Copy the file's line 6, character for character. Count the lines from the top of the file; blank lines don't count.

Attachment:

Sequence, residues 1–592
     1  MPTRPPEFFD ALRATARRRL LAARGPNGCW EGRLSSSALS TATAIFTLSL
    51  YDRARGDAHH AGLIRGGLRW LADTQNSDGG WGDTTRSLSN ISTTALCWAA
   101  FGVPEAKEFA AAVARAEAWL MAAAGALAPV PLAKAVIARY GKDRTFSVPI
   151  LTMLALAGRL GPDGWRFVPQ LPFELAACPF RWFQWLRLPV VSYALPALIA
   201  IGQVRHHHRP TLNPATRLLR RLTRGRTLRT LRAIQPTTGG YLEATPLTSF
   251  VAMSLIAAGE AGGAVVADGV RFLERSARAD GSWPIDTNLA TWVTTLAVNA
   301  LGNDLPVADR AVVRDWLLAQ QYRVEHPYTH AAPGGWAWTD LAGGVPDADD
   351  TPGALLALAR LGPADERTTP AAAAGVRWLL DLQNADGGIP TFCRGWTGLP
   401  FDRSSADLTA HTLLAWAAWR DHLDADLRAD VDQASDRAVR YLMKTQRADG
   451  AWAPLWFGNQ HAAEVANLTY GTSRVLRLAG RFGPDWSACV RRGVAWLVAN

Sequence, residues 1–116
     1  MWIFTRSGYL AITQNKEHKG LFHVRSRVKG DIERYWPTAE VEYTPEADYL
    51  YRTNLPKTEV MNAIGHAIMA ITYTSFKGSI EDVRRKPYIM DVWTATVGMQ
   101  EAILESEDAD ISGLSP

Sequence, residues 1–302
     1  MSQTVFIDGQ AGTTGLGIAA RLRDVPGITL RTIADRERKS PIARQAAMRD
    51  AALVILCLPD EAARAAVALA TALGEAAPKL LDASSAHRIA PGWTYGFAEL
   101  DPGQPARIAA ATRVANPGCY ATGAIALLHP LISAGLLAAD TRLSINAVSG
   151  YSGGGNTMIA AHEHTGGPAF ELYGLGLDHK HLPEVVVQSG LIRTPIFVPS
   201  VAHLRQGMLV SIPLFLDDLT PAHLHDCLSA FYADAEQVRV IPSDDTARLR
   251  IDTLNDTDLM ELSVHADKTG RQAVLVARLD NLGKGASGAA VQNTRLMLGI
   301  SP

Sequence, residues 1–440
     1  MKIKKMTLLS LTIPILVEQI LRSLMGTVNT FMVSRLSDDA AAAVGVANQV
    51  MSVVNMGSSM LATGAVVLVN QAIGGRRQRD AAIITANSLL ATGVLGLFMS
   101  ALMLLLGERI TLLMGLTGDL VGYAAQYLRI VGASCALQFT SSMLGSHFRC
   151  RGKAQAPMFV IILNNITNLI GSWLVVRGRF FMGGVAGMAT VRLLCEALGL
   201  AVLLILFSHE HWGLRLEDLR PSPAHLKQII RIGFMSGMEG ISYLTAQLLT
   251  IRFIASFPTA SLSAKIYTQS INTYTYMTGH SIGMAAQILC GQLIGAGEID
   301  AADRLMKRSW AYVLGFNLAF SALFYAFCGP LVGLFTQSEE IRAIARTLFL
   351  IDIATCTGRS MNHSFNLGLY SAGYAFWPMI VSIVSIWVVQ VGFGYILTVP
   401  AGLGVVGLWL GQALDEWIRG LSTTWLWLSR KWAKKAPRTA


   201  IGQVRHHHRP TLNPATRLLR RLTRGRTLRT LRAIQPTTGG YLEATPLTSF